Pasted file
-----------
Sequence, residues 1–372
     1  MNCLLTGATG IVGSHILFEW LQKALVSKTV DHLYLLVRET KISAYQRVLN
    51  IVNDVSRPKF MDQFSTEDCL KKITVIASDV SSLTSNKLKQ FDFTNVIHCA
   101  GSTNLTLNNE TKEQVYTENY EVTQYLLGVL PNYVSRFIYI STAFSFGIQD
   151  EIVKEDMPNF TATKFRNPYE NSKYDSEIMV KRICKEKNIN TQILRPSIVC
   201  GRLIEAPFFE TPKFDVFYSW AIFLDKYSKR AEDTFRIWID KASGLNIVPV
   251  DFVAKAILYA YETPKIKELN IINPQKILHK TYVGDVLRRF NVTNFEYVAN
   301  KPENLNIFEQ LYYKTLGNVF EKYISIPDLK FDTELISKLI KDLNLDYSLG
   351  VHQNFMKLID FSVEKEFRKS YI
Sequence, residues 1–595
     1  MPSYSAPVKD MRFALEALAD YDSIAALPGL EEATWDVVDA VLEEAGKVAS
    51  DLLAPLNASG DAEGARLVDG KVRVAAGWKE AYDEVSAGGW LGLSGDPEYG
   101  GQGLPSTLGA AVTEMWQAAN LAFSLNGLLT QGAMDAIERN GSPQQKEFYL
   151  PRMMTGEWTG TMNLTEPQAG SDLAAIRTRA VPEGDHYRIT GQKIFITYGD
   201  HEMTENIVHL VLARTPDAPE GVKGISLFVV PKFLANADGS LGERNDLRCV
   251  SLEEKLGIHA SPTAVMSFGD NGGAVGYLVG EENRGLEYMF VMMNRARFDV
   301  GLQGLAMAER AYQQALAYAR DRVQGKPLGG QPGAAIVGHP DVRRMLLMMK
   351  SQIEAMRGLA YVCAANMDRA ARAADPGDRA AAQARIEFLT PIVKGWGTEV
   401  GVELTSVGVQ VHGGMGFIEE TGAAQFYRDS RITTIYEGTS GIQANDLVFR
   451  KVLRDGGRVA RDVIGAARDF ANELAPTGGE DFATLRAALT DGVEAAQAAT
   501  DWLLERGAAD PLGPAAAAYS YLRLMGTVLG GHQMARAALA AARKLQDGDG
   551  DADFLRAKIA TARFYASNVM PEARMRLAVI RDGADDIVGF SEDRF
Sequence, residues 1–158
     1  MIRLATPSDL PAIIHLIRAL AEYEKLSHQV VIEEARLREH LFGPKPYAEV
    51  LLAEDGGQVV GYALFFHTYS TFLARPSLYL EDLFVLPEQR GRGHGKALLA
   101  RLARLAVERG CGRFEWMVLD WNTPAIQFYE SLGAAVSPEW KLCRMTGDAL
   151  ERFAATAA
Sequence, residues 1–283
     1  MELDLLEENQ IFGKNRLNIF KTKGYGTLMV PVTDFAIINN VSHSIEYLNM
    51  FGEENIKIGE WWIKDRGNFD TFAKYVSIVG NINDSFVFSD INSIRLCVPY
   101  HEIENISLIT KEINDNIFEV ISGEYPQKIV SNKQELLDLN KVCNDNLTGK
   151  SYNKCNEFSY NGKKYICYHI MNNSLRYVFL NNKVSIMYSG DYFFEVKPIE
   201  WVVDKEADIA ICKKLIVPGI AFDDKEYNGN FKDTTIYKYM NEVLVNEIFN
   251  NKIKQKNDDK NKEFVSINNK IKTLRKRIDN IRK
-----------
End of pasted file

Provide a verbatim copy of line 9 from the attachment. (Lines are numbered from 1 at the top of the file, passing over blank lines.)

   351  VHQNFMKLID FSVEKEFRKS YI